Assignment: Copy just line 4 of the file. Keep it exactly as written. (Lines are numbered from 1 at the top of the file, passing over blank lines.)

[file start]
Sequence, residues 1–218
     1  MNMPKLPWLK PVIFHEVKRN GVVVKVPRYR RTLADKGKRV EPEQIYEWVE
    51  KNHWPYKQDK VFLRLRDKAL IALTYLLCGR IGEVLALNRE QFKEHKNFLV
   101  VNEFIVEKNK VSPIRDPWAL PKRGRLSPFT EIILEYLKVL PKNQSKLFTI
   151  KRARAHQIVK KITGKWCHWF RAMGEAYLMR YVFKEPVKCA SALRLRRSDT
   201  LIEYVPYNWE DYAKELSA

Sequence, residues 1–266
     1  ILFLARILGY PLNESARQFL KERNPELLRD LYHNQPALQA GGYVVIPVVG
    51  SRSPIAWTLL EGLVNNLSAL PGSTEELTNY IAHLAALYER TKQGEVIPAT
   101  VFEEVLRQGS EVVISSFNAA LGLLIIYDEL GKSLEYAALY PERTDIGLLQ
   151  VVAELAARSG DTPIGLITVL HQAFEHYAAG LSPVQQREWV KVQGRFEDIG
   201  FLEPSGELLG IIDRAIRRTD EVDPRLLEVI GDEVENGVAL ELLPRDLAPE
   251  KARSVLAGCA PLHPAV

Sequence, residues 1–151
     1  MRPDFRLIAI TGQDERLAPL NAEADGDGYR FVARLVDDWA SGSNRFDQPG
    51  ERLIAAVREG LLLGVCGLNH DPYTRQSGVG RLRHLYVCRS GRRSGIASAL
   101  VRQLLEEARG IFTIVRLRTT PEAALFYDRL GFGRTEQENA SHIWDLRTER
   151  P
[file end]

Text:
   101  VNEFIVEKNK VSPIRDPWAL PKRGRLSPFT EIILEYLKVL PKNQSKLFTI